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Newer class of antidepressants is similar in effectiveness, but side effects differ

Today's most commonly prescribed antidepressants are similar in effectiveness to each other, but differ when it comes to possible side effects, according to an analysis released by the Agency for Healthcare Research and Quality (AHRQ). The findings, based on a review of nearly 300 published studies of second-generation antidepressants, show that about 6 in 10 adult patients get some relief from the drugs. The same proportion also experience at least one side effect, ranging from nausea to sexual dysfunction.

Patients who don't respond to one of these drugs often try another medication within the same class. About one in four of those patients recover, according to the review. Overall, current evidence on the drugs is insufficient for clinicians to predict which medications will work best for individual patients.

Second-generation antidepressants, which include selective serotonin reuptake inhibitors (SSRIs) and serotonin and norepinephrine reuptake inhibitors (SNRIs), are often prescribed because first-generation antidepressants (such as tricyclic antidepressants) can cause intolerable side effects and carry high risks.

The authors of the new Comparative Effectiveness Review analyzed the benefits and risks of a dozen second-generation antidepressants: bupropion, citalopram, duloxetine, escitalopram, fluoxetine, fluvoxamine, mirtazapine, nefazodone, paroxetine, sertraline, trazodone, and venlafaxine. Many of these drugs are sold in generic form.

The analysis, which examined only adult use of second-generation antidepressants, drew on 293 published studies. Of those, 187 were judged to be of good or fair quality. The analysis compared the drugs' benefits and risks in the treatment of major depressive disorder, dysthymia (a chronic, less-severe form of depression), and subsyndromal depression (an acute mood disorder that is less severe than major depression). Each of the disorders can be disabling. Major depressive disorder affects more than 16 percent of U.S. adults at least once during their lifetime, the review noted. In 2000, the economic burden of depressive disorders was estimated to be $83.1 billion. More than 30 percent of these costs are for direct medical expenses, such as doctors' fees, hospital bills, and medications.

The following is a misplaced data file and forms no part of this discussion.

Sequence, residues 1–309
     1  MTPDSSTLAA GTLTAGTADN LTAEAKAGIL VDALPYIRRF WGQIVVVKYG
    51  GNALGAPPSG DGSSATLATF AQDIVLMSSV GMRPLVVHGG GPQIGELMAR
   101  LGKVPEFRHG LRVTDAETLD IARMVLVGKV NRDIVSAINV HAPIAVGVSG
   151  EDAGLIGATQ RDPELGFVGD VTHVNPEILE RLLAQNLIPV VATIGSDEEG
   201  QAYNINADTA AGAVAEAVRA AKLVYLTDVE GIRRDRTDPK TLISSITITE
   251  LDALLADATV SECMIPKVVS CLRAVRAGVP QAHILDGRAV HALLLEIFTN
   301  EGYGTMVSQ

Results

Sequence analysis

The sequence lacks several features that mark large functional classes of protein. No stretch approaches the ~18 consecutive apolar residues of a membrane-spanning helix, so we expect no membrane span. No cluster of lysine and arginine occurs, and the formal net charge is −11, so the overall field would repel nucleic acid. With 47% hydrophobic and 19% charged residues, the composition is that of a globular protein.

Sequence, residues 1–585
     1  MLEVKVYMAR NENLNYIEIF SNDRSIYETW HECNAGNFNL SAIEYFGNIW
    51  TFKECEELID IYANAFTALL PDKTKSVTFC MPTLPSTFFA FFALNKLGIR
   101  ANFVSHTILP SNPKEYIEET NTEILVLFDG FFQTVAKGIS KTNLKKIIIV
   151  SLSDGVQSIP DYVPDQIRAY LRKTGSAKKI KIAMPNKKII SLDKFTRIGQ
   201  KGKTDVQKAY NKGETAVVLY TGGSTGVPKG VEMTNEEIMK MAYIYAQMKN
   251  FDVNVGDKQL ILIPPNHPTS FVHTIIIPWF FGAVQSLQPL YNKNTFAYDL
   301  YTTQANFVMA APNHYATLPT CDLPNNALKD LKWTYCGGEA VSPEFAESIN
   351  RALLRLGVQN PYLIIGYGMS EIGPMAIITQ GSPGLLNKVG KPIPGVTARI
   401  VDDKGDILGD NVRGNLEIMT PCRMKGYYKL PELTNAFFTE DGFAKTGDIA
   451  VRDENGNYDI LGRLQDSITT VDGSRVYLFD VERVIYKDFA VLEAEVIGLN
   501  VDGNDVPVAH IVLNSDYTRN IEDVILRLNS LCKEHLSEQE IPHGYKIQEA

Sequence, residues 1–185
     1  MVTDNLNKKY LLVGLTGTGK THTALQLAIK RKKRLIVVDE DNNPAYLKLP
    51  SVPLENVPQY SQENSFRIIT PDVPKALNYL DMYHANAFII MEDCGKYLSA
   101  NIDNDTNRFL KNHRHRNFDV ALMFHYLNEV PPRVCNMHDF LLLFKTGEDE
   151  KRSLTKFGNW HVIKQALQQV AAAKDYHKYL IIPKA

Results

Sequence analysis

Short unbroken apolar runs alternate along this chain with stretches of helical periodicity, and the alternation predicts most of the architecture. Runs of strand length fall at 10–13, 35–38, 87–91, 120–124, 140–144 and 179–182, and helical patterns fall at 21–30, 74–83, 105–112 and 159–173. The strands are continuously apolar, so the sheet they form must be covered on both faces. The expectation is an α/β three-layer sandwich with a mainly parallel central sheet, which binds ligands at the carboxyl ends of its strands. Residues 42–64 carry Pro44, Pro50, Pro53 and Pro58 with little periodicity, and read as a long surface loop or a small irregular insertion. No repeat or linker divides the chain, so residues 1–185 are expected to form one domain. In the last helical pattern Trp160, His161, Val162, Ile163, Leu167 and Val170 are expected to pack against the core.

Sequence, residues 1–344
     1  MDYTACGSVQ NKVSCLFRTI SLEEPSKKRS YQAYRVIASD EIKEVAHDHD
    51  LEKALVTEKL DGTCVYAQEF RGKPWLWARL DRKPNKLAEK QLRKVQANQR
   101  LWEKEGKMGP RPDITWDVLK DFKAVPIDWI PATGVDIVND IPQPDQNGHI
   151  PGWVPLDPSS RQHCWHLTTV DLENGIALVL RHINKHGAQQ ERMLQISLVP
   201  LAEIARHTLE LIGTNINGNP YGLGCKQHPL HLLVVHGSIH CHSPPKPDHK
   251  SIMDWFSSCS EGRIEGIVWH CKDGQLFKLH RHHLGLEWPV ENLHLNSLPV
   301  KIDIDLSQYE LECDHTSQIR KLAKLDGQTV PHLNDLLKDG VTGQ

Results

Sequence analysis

The new analysis, produced by AHRQ's Effective Health Care program, was completed by the Agency's RTI International-University of North Carolina Evidence-based Practice Center. Evidence reviewed by the authors suggests:

  • In general, the various second-generation antidepressants have similar rates of effectiveness. In controlled studies, about 38 percent of patients saw no improvement and 54 percent had only partial improvement.
  • According to the National Institute of Mental Health's Sequenced Treatment Alternative to Relieve Depression (STAR-D) trial, a substantial number (between about 25 percent and 33 percent) of patients will improve with the addition or substitution of a different drug.
  • On average, 61 percent of patients taking second-generation antidepressants experience at least one side effect. The most common are nausea and vomiting, constipation, diarrhea, dizziness, headache, and sleeplessness.

The report, Comparative Effectiveness of Second-Generation Antidepressants in the Pharmacologic Treatment of Adult Depression, from AHRQ's Effective Health Care program, can be found at http://effectivehealthcare.ahrq.gov.

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